Introducing The Mobility Unlimited Challenge

If you take a walk across the centre of your city, you will find it to be a straightforward experience with few inconveniences. The occasional hold-up at a pedestrian crossing perhaps, or maybe a crowd of people in a busy shopping area. If however you take the same walk in the company of a wheelchair user you are likely to encounter an entirely different experience. The streets become a nightmare of obstacles to avoid and inaccessible areas requiring a detour, and suddenly what had been a pleasurable experience becomes a significant effort. Despite building and planning code updates to improve the situation, and millions of dollars invested in ramps, lifts, and other improvements, there remain so many problems to be addressed. Meanwhile legislators and the general public imagine that something has been done, the accessibility box has been ticked, and they can move on to the next thing that captures their attention.

The paralympian athlete [Tatyana McFadden] is an ambassador for the Toyota Mobility Foundation’s Mobility Unlimited Challenge, a global competition with the aim of improving mobility for people with disabilities. She’s written a piece introducing the challenge from her informed point of view as a wheelchair user, and makes the point that the basic design of a chair has not significantly changed since the 1930s. Her sentence: “There may be more hype around Bitcoin, but innovators could have far more impact if they turned their attention to how they can make the freedom to move available to all.” is one to make those of us with an interest in technology stop and think. To introduce the challenge they’ve released a glossy video, and we’ve placed it below the break.

As part of this year’s Hackaday Prize, we had an Assistive Technologies section that attracted some fantastic entries. That demonstrates that our community has plenty of people with the required skills, experience, and ideas to make a difference, and we hope that some of them might be among the entries for the Mobility Unlimited competition. If it excites your interest, we’d like to urge you to give it a second look.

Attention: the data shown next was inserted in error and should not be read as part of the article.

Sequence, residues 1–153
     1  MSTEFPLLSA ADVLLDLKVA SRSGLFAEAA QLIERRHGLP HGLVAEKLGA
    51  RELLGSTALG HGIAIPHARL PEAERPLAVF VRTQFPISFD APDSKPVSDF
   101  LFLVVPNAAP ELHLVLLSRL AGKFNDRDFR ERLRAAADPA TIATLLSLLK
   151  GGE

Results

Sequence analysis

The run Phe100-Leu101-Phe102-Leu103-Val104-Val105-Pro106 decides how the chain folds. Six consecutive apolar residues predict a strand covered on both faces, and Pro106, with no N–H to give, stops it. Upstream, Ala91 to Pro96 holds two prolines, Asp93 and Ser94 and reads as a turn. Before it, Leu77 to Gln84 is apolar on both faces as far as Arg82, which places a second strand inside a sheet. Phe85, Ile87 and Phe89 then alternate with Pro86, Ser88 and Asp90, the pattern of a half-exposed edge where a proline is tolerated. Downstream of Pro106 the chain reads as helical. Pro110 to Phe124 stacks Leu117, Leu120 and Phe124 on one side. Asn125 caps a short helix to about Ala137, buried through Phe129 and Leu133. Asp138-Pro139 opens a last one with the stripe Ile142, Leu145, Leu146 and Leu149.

A word of warning though – take care to avoid the Engineer Saviour Trap.

10 thoughts on “Introducing The Mobility Unlimited Challenge

      1. The Japanese own Boston Dynamics now, so those robots will a) Help the elderly b) Rain terror on people that copy a Sony movie or TV clip.

        I assume you mean Boston Dynamics since General Dynamics makes warplanes like the F16 and missiles like the Tomahawk cruise missile (which you might call one of the first commercial drones come to think of it).

        If you meant General then those handicapped people will experience a good boost in speed and acceleration though :)
        And meet less resistance I suspect.

    1. Some clever mechanics for _safely_ climbing stairs would be enough for a start. They solved this for sack trucks already. Can’t be that hard to apply the same principle to wheelchairs. Would of course need a brake to allow the person to have a rest at any time on the stairs.

  1. To further the cause of ‘mobility unlimited’, I wonder how I could get innovators interested in developing city and landscape maps in a tactile form to assist blind people navigate their surroundings?

    Andrew

  2. nonsense. there is too much money to be made in redesigning completely cities after the needs of a few people, rather than finding a way to make those few people able to use “normal” infrastructure

  3. I wrote to James Dyson to ask if he would look at wheelchair design. I never heard back (no real surprise there), but he does have all the bits – motors, batteries, mechanical and electrical engineers. An all electric wheelchair that broke apart simply and easily, for transport in a normal size car would be a complete win. I’ve a dozen back of an envelope designs that *could* work, how hard can it be?

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